Young mothers face stigma and abuse, say charities
A group of charities have told Newsbeat young mothers often face stigma despite teenage pregnancy being at its lowest since records began.
The charity Gingerbread said some young mums it works with have been verbally abused by strangers, leaving them feeling isolated and alone.
Carly, 26, from London has two sons and often gets mistaken for a teen mum.
"When I first started to show I was so proud, but all I would get is dirty looks," she said.
"It made me feel quite victimised so I stayed in quite a lot," she added.
"You want to celebrate being a mum every minute and yet it's really hard to do that when you are being judged so much."
Carly's friend Kelly and her baby boy Noah often get unwanted attention too.
"Random people on the bus and on the street say horrible comments like 'I shouldn't have a kid so young' or ask if I'm on benefits when I have a job and go to college," she said.
"People don't understand that just because we are young and we've had our kids it doesn't mean we are not doing anything with our lives.
"If we had our kids in our thirties people would say we are too old, so no one wins."
Philippa Newis works for Gingerbread, the biggest charity to deal exclusively with single parents in England and Wales.
"We've been with young parents when complete strangers have told them they are told they are 'disgusting' for having a baby," she said.
Teenage conception rates
- The under-18 conception rate for 2012 is the lowest since 1969 at 27.9 conceptions per thousand women aged 15-17.
- The estimated number of conceptions to women aged under 18 fell to 27,834 in 2012 compared with 31,051 in 2011, a decrease of 10%.
- In 2012 there were an estimated 884,748 conceptions to women of all ages, compared with 909,109 in 2011, a decrease of 2.7%.
- Conception rates in 2012 increased for women aged 35 and over and decreased for women under 35.
"Some young mums don't want to go out of their house because they feel like they are being judged by members of their community," she added.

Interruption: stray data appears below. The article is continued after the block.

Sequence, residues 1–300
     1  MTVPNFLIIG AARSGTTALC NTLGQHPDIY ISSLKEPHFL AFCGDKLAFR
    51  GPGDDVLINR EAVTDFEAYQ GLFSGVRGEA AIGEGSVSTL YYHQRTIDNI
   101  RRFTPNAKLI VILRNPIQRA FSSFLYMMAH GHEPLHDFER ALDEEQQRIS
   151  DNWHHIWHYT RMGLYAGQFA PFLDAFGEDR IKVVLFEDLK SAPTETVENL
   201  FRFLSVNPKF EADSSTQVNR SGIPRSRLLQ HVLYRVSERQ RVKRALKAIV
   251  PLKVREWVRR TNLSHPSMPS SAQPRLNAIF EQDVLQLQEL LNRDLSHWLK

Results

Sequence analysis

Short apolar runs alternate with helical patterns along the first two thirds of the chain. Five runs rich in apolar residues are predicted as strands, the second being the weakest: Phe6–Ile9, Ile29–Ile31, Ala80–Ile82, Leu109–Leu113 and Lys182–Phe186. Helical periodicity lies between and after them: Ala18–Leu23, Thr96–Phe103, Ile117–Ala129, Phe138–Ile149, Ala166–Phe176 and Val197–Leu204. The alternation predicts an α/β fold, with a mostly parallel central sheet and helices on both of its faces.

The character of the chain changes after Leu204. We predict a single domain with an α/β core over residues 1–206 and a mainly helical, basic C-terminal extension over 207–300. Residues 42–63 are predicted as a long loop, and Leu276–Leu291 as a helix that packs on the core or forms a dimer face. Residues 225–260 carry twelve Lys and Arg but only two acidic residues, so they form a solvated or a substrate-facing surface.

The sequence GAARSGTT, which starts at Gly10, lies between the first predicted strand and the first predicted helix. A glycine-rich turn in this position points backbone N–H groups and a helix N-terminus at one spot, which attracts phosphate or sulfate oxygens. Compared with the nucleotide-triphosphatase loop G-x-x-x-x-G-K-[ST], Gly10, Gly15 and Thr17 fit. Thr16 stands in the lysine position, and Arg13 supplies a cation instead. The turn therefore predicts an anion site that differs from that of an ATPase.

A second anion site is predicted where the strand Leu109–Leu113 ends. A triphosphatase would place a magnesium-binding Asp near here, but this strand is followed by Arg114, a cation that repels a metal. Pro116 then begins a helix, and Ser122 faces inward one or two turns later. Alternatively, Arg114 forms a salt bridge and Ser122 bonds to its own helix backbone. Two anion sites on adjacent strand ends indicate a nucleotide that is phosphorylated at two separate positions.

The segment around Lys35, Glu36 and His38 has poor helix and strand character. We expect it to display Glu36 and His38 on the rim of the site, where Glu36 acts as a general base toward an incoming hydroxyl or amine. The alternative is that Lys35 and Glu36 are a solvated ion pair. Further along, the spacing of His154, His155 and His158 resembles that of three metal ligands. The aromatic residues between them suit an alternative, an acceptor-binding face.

"If you are told you are disgusting for having a baby you are shamed into silence."
Jacob Tas, interim chief executive of the charity Action for Children, said: "Some of the teenage mums and dads we support have their own sad stories to tell of being stigmatised or patronised in the street by people who make unfair judgements about them.
"Being a parent can be tough enough without the added fear of random judgement or abuse when you're going about your day."
Experts believe discrimination towards young mums stems from the misconception that teen pregnancy in the UK is much higher than it actually is.
A survey by research company Ipsos MORI last summer found the public still overestimates teen pregnancy levels by 25 times.
The Office for National Statistics estimates the UK has one of the highest teenage pregnancy rates in Europe.
The Teenage Pregnancy Strategy for England, which ran from 1999 to 2010, did help to reduce the under-18 conception rate to its lowest level for 40 years to 31,051.
The latest figures from Public Health England show the conception rate among under 18 year olds dropped by 9.8% to 27.7 per 1000 in 2012, an all-time low for England.
The strategy aimed to prevent pregnancy before women were ready by improving contraception access, sex education in school and encouraging a more open relationship between parents and children.
The strategy also provided support to young people who did choose to become parents by educating midwives and health visitors about the stigma they may face and how to create a welcoming atmosphere.
Alison Hadley led the scheme and now runs the Teenage Pregnancy Knowledge Exchange.
"I think young mums and dads often feel like they are being looked at in a judgemental way and that's why it's important professionals understand that and make them feel comfortable," she said.
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